Our study investigating blood pressure in normal-weight children with psoriasis shows an association between psoriasis and high blood pressure independently of over-weight status. Similar results, suggesting psoriasis as an independent risk factor for the development of high blood pressure, have been reported recently from a study investigating a large retrospective database of children with psoriasis (6). Such findings suggest the need to assess comorbidities in all children with psoriasis (i.e. also in children without overweight or obesity). Possible limitations of our study are the relatively small numbers of patients and the lack of multiple blood pressure readings at separate visits.

ACKNOWLEDGEMENTS

This work was supported in part by the University of Padova under project CAEPAE.

The authors have no conflicts of interest to declare.

REFERENCES
  1. Torres T, Machado S, Mendonça D, Selores M. Cardiovascular comorbidities in childhood psoriasis. Eur J Dermatol 2014; 24: 229–235.
    View article    Google Scholar
  2. Augustin M, Glaeske G, Radtke MA, Christophers E, Reich K, Schäfer I. Epidemiology and comorbidity of psoriasis in children. Br J Dermatol 2010; 162: 633–636.
    View article    Google Scholar
  3. Paller AS, Mercy K, Kwasny MJ, Choon SE, Cordoro KM, Girolomoni G, et al. Association of pediatric psoriasis severity with excess and central adiposity: an international cross-sectional study. JAMA Dermatol 2013; 149: 166–176.
    View article    Google Scholar
  4. Lee A, Smith SD, Hong E, Garnett S, Fischer G. Association between pediatric psoriasis and waist-to-height ratio in the absence of obesity: a multicenter Australian study. JAMA Dermatol 2016; 152: 1314–1319.
    View article    Google Scholar
  5. Guidolin L, Borin M, Fontana E, Caroppo F, Piaserico S, Belloni Fortina A. Central obesity in children with psoriasis. Acta Derm Venereol 2018; 98: 282–283.
    View article    Google Scholar
  6. Tollefson MM, Van Houten HK, Asante D, Yao X, Maradit Kremers H. Association of psoriasis with comorbidity development in children with psoriasis. JAMA Dermatol 2018; 154: 286–292.
    View article    Google Scholar
  7. Kwa L, Kwa MC, Silverberg JI. Cardiovascular comorbidities of pediatric psoriasis among hospitalized children in the United States. J Am Acad Dermatol 2017; 77: 1023–1029.
    View article    Google Scholar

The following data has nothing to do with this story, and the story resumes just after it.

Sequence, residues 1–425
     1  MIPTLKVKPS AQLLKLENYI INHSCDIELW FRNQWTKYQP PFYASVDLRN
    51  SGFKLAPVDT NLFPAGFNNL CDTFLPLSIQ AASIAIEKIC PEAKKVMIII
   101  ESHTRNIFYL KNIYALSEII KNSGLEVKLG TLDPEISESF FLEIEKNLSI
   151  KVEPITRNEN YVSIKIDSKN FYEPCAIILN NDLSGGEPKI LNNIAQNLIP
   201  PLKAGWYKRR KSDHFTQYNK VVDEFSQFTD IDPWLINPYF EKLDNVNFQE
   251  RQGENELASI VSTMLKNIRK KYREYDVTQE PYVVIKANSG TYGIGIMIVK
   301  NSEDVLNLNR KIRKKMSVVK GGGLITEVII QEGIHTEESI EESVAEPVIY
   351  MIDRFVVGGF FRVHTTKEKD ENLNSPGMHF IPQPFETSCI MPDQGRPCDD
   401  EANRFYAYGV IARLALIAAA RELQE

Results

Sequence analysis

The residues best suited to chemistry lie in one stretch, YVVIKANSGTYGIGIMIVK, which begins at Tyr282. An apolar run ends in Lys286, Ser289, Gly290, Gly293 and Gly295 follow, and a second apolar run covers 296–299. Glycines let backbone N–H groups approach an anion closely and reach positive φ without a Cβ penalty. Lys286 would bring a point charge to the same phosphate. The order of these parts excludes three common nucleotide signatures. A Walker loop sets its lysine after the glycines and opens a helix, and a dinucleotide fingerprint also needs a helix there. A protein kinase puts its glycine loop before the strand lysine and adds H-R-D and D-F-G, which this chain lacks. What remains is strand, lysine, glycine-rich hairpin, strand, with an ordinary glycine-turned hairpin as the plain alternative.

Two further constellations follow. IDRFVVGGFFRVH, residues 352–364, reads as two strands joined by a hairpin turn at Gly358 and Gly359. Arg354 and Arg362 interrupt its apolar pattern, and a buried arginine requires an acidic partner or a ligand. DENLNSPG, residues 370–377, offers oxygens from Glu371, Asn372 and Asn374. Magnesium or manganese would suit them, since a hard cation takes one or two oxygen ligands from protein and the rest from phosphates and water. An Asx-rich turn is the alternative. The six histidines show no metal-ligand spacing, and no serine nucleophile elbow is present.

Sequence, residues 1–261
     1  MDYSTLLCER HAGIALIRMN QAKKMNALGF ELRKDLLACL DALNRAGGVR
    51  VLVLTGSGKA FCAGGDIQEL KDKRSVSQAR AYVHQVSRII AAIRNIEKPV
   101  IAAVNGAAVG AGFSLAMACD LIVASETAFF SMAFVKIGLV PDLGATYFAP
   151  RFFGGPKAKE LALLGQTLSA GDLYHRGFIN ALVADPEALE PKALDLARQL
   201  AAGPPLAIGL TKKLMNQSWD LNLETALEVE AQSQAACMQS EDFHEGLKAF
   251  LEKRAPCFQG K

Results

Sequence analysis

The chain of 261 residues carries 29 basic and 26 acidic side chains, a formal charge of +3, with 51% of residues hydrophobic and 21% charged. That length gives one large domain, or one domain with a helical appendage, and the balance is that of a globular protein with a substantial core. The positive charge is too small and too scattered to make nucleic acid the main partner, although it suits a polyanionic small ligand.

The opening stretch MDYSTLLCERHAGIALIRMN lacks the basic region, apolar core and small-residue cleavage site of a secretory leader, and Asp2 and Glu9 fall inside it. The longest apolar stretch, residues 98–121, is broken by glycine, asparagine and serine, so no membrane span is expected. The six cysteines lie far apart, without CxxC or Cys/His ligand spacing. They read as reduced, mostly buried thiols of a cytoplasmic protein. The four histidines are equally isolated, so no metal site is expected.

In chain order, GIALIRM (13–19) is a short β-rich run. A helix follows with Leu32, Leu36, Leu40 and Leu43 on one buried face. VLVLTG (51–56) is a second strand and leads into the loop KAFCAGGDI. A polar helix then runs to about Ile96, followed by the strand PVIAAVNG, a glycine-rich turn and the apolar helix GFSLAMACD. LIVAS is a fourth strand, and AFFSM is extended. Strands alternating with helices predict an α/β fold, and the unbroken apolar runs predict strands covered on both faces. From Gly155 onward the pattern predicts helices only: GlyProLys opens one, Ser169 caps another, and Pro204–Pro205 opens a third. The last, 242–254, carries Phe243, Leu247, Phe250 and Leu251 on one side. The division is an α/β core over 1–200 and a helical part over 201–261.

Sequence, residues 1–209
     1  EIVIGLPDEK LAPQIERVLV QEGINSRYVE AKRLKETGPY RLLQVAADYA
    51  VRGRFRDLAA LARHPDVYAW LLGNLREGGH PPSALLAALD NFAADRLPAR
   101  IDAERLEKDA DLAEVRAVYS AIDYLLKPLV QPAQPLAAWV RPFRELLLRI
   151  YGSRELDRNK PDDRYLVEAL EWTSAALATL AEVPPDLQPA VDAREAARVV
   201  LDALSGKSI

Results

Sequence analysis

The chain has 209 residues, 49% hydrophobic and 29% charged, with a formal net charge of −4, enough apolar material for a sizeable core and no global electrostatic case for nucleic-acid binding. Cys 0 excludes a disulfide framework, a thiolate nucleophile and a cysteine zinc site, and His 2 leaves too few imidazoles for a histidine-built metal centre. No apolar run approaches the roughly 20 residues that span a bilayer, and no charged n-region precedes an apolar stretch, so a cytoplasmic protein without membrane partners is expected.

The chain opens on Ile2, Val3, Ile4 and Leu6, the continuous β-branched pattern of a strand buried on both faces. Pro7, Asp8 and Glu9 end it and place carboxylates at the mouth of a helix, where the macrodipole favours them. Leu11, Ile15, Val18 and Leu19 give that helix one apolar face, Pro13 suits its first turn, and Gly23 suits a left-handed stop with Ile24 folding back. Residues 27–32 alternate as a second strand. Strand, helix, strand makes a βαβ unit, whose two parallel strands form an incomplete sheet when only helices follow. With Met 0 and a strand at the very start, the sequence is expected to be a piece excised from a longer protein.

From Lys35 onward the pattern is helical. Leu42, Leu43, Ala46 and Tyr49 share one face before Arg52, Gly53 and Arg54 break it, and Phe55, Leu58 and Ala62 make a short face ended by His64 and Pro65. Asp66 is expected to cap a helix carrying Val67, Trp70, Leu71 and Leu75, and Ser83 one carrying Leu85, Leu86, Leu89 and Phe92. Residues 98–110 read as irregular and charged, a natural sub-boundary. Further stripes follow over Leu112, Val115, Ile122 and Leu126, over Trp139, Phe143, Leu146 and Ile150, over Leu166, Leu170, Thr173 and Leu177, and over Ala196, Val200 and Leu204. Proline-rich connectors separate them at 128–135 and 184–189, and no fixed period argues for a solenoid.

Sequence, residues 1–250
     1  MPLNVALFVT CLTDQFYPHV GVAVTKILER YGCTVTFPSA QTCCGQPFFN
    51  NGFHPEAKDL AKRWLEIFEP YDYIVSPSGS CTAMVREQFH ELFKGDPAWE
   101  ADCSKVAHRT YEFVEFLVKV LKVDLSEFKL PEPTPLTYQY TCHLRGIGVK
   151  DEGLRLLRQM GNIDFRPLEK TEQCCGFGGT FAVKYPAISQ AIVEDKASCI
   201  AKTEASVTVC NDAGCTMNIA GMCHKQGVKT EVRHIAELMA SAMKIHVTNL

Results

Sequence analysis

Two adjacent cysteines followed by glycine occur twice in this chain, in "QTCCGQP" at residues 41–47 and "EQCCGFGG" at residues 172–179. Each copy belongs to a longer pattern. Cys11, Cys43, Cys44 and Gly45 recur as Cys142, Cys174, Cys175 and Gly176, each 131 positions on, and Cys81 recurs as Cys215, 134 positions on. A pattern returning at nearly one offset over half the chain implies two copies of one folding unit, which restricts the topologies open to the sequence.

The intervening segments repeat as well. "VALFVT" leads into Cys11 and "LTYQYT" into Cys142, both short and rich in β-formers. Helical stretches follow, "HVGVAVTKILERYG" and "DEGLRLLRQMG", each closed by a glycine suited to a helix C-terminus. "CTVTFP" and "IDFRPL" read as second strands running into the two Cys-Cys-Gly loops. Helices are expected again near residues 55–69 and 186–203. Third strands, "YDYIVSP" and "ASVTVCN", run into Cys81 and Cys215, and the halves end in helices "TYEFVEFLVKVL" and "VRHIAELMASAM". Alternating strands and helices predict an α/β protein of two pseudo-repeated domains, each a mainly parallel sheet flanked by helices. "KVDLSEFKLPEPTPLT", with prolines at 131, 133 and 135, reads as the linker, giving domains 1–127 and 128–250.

8. Ergun T, Seckin Gencosmanoglu D, Karakoc-Aydiner E,
    View article    Google Scholar
  9. Salman A, Tekin B, Bulbul-Baskan E, et al. Prevalence of obesity in paediatric psoriasis and its impact on disease severity and progression. Australas J Dermatol 2017; 58: e182–e187.
    View article    Google Scholar
  10. Au SC, Goldminz AM, Loo DS, Dumont N, Levine D, Volf E, et al. Association between pediatric psoriasis and the metabolic syndrome. J Am Acad Dermatol 2012; 66: 1012–1013.
    View article    Google Scholar
  11. Bronckers IM, Paller AS, van Geel MJ, van de Kerkhof PC, Seyger MM. Psoriasis in children and adolescents: diagnosis, management and comorbidities. Paediat Drugs 2015; 17: 373–384.
    View article    Google Scholar
  12. Mahé E, Beauchet A, Bodemer C, Phan A, Bursztejn AC, Boralevi F, et al. Psoriasis and obesity in French children: a case-control, multicentre study. Br J Dermatol 2015; 172: 1593–1600.
    View article    Google Scholar
  13. Goldminz AM, Buzney CD, Kim N, Au SC, Levine DE, Wang AC, et al. Prevalence of the metabolic syndrome in children with psoriatic disease. Pediatr Dermatol 2013; 30: 700–705.
    View article    Google Scholar
  14. Cole TJ, Lobstein T. Extended international (IOTF) body mass index cut-offs for thinness, overweight and obesity. Pediatr Obes 2012; 7: 284–294.
    View article    Google Scholar
  15. Flynn JT, Kaelber DC, Baker-Smith CM, Blowey D, Carroll AE, Daniels SR, et al. Clinical practice guideline for screening and management of high blood pressure in children and adolescents. Pediatrics 2017; 140: e20171904.
    View article    Google Scholar